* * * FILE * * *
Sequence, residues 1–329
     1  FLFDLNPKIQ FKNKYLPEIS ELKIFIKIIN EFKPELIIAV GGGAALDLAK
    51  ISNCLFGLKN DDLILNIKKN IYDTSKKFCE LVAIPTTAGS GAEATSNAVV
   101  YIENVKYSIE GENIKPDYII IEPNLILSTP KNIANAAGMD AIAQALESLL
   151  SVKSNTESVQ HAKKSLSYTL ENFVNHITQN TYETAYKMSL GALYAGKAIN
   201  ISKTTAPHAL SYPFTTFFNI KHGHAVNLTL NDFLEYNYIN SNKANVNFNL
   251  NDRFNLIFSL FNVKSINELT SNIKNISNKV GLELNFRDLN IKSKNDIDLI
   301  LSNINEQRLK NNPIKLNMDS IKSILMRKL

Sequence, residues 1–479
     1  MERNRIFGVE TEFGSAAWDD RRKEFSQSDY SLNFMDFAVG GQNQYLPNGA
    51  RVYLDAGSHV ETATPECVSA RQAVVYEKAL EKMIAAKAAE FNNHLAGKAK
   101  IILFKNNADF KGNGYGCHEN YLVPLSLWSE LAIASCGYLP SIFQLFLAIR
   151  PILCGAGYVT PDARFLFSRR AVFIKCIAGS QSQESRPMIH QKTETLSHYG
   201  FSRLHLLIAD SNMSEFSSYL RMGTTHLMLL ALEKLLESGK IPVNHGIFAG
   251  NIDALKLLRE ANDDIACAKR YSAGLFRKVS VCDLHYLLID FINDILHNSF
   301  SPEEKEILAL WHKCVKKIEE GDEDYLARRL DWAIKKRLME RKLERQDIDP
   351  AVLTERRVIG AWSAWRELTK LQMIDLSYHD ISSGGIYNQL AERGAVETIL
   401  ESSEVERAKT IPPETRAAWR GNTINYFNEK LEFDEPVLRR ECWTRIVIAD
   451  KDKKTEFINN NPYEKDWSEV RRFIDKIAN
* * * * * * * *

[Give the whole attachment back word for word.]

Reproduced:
Sequence, residues 1–329
     1  FLFDLNPKIQ FKNKYLPEIS ELKIFIKIIN EFKPELIIAV GGGAALDLAK
    51  ISNCLFGLKN DDLILNIKKN IYDTSKKFCE LVAIPTTAGS GAEATSNAVV
   101  YIENVKYSIE GENIKPDYII IEPNLILSTP KNIANAAGMD AIAQALESLL
   151  SVKSNTESVQ HAKKSLSYTL ENFVNHITQN TYETAYKMSL GALYAGKAIN
   201  ISKTTAPHAL SYPFTTFFNI KHGHAVNLTL NDFLEYNYIN SNKANVNFNL
   251  NDRFNLIFSL FNVKSINELT SNIKNISNKV GLELNFRDLN IKSKNDIDLI
   301  LSNINEQRLK NNPIKLNMDS IKSILMRKL

Sequence, residues 1–479
     1  MERNRIFGVE TEFGSAAWDD RRKEFSQSDY SLNFMDFAVG GQNQYLPNGA
    51  RVYLDAGSHV ETATPECVSA RQAVVYEKAL EKMIAAKAAE FNNHLAGKAK
   101  IILFKNNADF KGNGYGCHEN YLVPLSLWSE LAIASCGYLP SIFQLFLAIR
   151  PILCGAGYVT PDARFLFSRR AVFIKCIAGS QSQESRPMIH QKTETLSHYG
   201  FSRLHLLIAD SNMSEFSSYL RMGTTHLMLL ALEKLLESGK IPVNHGIFAG
   251  NIDALKLLRE ANDDIACAKR YSAGLFRKVS VCDLHYLLID FINDILHNSF
   301  SPEEKEILAL WHKCVKKIEE GDEDYLARRL DWAIKKRLME RKLERQDIDP
   351  AVLTERRVIG AWSAWRELTK LQMIDLSYHD ISSGGIYNQL AERGAVETIL
   401  ESSEVERAKT IPPETRAAWR GNTINYFNEK LEFDEPVLRR ECWTRIVIAD
   451  KDKKTEFINN NPYEKDWSEV RRFIDKIAN